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Technical Vocabulary

Across
Send signals over the air
The person who signals program participants
Signal to start
Where all the audio devices are controlled and monitored on VU meters and through monitors
Allows the operator to control the level
When the signal is broadcast from a location outside the studio
An area where the mic doesn't pick up sound
Transition at the end of first fading out into second immediately
When the volume is too loud
Start to end of the program (length of the program)
The different routes signals can take
Making all of the voices the same volume
Allows the engineer to hear an audio source in the studio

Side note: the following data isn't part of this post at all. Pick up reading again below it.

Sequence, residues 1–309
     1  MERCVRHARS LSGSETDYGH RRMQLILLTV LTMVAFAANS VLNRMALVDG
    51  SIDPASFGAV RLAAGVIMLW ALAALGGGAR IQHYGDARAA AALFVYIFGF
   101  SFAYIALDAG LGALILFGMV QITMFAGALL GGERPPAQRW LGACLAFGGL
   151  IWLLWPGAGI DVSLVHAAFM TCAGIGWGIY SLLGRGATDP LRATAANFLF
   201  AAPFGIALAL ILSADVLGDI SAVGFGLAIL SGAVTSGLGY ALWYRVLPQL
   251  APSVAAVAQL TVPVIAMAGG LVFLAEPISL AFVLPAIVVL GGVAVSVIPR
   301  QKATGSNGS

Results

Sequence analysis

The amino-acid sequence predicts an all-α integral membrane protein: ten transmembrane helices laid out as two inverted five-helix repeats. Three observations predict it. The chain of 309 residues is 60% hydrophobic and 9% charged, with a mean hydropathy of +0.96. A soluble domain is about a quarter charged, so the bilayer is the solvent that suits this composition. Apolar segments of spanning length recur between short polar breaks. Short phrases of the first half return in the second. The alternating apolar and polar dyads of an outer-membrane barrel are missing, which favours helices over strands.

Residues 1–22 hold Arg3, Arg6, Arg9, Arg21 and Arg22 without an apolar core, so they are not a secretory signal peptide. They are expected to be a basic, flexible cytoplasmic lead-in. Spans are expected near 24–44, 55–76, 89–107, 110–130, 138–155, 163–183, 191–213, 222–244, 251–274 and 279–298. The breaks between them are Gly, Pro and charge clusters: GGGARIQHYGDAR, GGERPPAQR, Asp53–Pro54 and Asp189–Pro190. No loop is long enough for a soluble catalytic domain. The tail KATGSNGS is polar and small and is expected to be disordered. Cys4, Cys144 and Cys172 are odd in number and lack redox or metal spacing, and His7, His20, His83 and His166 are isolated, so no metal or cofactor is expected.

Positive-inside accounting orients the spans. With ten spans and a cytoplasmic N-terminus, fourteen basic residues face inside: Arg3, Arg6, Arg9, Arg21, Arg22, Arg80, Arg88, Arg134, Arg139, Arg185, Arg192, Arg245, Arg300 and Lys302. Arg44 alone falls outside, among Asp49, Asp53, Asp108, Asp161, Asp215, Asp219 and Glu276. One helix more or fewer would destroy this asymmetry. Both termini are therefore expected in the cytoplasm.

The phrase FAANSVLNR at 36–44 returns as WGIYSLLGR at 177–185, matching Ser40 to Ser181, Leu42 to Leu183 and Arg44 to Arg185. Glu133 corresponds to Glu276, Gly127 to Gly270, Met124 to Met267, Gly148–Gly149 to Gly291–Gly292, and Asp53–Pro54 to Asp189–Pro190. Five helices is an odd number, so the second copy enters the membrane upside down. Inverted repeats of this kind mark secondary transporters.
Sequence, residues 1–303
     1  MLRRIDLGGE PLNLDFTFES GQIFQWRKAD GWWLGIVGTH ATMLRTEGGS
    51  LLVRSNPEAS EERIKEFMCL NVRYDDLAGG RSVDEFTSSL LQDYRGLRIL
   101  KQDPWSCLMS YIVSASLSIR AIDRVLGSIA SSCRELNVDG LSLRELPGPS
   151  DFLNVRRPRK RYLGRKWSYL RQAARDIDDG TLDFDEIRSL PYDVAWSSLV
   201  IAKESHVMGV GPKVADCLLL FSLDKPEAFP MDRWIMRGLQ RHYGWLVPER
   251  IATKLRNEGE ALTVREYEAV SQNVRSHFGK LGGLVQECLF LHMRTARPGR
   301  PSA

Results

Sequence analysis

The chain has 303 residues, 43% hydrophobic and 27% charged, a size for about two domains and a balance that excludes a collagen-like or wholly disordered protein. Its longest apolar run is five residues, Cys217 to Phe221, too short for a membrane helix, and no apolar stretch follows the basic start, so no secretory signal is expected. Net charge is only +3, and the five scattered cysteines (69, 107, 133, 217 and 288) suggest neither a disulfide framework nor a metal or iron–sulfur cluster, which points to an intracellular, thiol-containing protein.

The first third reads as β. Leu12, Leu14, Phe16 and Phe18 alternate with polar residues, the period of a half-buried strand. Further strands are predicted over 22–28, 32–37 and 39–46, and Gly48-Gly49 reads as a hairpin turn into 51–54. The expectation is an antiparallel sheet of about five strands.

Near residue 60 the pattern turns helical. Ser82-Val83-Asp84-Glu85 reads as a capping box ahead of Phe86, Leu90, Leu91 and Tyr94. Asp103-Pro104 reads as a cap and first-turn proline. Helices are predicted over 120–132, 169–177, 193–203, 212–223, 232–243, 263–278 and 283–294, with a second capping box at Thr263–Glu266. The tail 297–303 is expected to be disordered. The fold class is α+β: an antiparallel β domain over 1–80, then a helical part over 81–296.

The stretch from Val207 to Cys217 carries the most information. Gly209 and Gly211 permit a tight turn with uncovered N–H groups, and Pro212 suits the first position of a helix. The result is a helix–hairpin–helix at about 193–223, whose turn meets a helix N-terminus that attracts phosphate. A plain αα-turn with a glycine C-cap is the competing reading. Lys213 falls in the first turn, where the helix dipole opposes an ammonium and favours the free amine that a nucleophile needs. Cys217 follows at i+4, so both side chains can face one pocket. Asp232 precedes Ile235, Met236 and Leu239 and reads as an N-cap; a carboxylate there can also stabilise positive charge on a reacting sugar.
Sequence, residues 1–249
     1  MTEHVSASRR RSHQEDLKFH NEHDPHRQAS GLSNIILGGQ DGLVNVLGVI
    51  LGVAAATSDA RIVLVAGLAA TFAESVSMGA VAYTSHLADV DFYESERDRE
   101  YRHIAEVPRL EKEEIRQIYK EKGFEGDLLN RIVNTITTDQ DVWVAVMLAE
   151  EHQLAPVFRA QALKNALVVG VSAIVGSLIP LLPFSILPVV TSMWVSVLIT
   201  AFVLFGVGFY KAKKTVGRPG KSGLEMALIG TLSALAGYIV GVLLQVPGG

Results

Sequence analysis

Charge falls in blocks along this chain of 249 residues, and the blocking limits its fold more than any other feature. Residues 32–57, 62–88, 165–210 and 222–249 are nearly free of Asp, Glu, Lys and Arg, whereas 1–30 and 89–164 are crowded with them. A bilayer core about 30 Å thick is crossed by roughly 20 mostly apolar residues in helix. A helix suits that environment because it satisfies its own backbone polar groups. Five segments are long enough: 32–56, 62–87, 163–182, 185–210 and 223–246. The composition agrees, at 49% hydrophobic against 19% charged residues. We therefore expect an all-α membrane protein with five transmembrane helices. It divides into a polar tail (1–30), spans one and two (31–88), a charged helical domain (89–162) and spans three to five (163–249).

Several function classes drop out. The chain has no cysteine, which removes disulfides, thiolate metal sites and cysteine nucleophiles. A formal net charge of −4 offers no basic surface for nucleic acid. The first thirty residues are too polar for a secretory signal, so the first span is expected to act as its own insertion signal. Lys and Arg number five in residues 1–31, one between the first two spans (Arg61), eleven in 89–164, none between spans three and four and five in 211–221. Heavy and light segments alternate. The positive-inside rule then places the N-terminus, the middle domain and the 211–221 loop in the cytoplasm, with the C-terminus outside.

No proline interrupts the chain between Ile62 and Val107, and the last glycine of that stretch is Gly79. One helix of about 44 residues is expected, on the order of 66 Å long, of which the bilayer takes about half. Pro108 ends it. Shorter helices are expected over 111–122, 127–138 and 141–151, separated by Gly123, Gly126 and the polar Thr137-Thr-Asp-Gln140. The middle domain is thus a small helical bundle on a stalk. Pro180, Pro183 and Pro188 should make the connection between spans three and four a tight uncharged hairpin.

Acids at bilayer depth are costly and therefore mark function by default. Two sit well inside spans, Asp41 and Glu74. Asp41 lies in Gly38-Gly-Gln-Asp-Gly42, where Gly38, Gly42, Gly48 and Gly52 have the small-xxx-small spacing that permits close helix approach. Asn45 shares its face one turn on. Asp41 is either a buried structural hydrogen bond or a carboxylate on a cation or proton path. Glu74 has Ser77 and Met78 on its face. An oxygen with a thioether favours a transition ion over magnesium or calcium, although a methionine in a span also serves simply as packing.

Audio reproduced through more then one channel
Down
The volume controls on each channel
Signals measured on the VU meter, but don't go on air
When sources like microphones, professional computer software, or CD players are fed into the system, they are known as inputs
Transition while fading out the volume of the first source and immediately starting on 2nd source with no dead air
Technicians who manage equipment
The volume unit meter which gives an objective visual representation of the volume on the console
Sound speakers
Playing the song of a lower level than your voice- heard in the background
Getting a song set up to play so that it doesn't start at full volume
Silence in the program
How loud or quiet the sound is, also known as volume
The person who is talking
The combination of signals
When the volume is too low
When one or more channels are engaged and the inputs are amplified and mixed. They are then sent through one of the 3 systems. The signal is then fed out of the system, to an output. A monitor, or a recording device are examples of this.
Software on our studio computer